Why is MRI the gold standard for assessing tetralogy of Fallot (TOF) in adults?

Updated: Nov 13, 2018
  • Author: Shabir Bhimji, MD, PhD; Chief Editor: Yasmine S Ali, MD, FACC, FACP, MSCI  more...
  • Print

MRI has become the gold standard for assessing the RV function and size, as well as for quantifying the pulmonary regurgitant volume. When a problem with the pulmonary valve is suspected, MRI is the first test of choice. This imaging modality can map the velocity of pulmonary regurgitation and provides good delineation of the aorta size as well as assessment of the pulmonary arteries, the status of the RVOT, and the presence of VSDs and/or RV hypertrophy. [5]  MRI can also measure intracardiac pressures, gradients, and blood flows.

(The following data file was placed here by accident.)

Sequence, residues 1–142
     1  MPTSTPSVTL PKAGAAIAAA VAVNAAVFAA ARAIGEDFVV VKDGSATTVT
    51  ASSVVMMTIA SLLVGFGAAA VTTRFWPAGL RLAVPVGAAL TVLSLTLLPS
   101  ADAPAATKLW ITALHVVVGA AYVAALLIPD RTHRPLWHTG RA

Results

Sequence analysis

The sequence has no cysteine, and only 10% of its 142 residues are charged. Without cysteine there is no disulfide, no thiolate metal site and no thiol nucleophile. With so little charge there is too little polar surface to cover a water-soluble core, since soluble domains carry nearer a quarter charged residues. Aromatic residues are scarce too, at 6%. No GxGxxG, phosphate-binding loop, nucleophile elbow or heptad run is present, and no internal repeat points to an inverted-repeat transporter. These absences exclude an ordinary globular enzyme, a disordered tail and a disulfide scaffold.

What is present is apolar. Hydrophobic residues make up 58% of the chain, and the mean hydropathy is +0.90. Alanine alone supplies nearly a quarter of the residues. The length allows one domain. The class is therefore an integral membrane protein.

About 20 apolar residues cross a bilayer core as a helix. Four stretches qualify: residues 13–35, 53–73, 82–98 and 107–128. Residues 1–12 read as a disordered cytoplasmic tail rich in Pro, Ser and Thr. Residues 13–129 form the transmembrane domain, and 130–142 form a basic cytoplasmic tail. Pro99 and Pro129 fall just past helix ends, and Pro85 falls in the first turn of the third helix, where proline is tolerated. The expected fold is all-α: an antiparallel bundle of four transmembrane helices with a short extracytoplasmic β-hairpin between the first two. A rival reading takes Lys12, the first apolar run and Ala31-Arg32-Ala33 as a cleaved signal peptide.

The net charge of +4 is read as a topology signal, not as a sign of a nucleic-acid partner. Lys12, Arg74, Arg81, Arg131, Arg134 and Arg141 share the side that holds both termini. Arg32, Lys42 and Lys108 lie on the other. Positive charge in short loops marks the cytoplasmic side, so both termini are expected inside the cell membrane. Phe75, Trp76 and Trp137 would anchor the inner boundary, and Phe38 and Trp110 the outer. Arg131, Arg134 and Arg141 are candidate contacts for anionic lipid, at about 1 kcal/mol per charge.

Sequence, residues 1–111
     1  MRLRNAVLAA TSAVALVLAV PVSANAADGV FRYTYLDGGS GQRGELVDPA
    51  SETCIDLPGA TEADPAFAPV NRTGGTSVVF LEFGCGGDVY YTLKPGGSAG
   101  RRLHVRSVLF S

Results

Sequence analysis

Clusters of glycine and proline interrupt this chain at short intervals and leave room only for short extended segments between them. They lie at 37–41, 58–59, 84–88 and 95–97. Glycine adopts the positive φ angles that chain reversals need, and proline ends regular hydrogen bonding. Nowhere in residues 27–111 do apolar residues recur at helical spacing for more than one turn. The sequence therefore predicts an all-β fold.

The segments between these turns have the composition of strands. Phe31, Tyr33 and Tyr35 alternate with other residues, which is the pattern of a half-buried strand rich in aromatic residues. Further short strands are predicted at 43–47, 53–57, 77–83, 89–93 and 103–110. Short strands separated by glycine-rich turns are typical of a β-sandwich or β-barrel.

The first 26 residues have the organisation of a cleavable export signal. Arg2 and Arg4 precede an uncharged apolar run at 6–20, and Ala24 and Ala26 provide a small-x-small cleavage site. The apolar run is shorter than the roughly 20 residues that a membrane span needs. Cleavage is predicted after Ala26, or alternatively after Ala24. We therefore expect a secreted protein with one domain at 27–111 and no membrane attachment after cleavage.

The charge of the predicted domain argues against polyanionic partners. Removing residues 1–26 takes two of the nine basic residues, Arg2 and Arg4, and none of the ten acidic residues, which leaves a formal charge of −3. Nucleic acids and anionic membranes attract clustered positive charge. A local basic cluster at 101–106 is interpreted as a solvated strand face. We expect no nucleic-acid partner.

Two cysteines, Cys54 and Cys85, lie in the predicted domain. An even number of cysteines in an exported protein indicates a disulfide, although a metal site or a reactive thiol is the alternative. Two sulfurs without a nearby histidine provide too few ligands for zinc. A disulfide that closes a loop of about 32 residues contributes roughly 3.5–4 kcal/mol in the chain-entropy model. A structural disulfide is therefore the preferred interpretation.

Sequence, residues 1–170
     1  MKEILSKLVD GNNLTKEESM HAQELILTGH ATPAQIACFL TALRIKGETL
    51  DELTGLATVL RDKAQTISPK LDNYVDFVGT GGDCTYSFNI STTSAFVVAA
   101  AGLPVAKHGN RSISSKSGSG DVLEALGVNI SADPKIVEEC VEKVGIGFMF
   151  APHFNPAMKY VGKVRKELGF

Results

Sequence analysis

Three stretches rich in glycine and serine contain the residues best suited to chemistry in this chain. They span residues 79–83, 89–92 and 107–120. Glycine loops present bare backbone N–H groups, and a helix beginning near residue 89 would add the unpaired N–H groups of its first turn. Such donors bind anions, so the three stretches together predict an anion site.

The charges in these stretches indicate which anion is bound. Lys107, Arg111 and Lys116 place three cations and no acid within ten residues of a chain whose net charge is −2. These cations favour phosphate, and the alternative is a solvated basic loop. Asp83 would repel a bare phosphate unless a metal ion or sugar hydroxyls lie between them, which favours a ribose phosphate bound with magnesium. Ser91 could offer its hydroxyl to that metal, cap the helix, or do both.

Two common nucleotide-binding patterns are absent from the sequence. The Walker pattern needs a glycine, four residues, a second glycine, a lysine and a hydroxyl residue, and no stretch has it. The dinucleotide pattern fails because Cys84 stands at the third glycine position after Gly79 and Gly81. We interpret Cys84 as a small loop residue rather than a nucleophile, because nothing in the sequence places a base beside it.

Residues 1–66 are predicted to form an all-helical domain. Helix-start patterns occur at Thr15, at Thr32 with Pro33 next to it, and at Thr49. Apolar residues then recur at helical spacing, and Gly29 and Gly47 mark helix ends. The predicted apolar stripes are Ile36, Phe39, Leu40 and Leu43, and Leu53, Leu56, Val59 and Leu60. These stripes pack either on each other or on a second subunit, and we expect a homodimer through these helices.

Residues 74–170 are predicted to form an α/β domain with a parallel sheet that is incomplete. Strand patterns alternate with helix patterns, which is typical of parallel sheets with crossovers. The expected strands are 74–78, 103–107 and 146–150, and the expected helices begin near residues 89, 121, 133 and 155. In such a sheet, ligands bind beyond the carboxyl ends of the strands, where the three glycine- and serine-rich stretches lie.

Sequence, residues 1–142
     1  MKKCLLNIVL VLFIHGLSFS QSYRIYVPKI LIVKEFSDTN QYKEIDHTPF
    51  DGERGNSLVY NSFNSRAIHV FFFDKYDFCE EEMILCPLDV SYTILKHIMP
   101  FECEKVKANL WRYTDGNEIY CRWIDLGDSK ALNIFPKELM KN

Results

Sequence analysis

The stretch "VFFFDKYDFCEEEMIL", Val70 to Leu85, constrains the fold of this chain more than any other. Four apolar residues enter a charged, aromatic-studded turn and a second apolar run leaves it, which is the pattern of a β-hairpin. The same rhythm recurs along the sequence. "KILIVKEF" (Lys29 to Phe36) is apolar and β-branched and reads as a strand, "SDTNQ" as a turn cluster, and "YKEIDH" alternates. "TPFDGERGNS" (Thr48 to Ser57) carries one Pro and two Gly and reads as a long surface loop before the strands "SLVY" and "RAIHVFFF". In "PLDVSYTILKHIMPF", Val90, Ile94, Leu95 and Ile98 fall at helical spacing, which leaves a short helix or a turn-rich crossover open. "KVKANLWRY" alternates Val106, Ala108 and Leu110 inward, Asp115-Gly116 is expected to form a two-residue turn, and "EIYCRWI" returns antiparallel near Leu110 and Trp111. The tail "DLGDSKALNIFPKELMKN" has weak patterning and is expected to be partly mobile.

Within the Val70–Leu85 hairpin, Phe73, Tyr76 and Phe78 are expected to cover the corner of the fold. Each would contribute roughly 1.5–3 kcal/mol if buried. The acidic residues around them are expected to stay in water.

MRI is quite sensitive at detecting branch pulmonary artery stenosis, which may be contributing to the increasing pulmonary valve insufficiency and the formation of aortopulmonary collaterals. These findings are more common in those with tetralogy of Fallot who have pulmonary atresia. [23, 24]

Did this answer your question?
Additional feedback? (Optional)
Thank you for your feedback!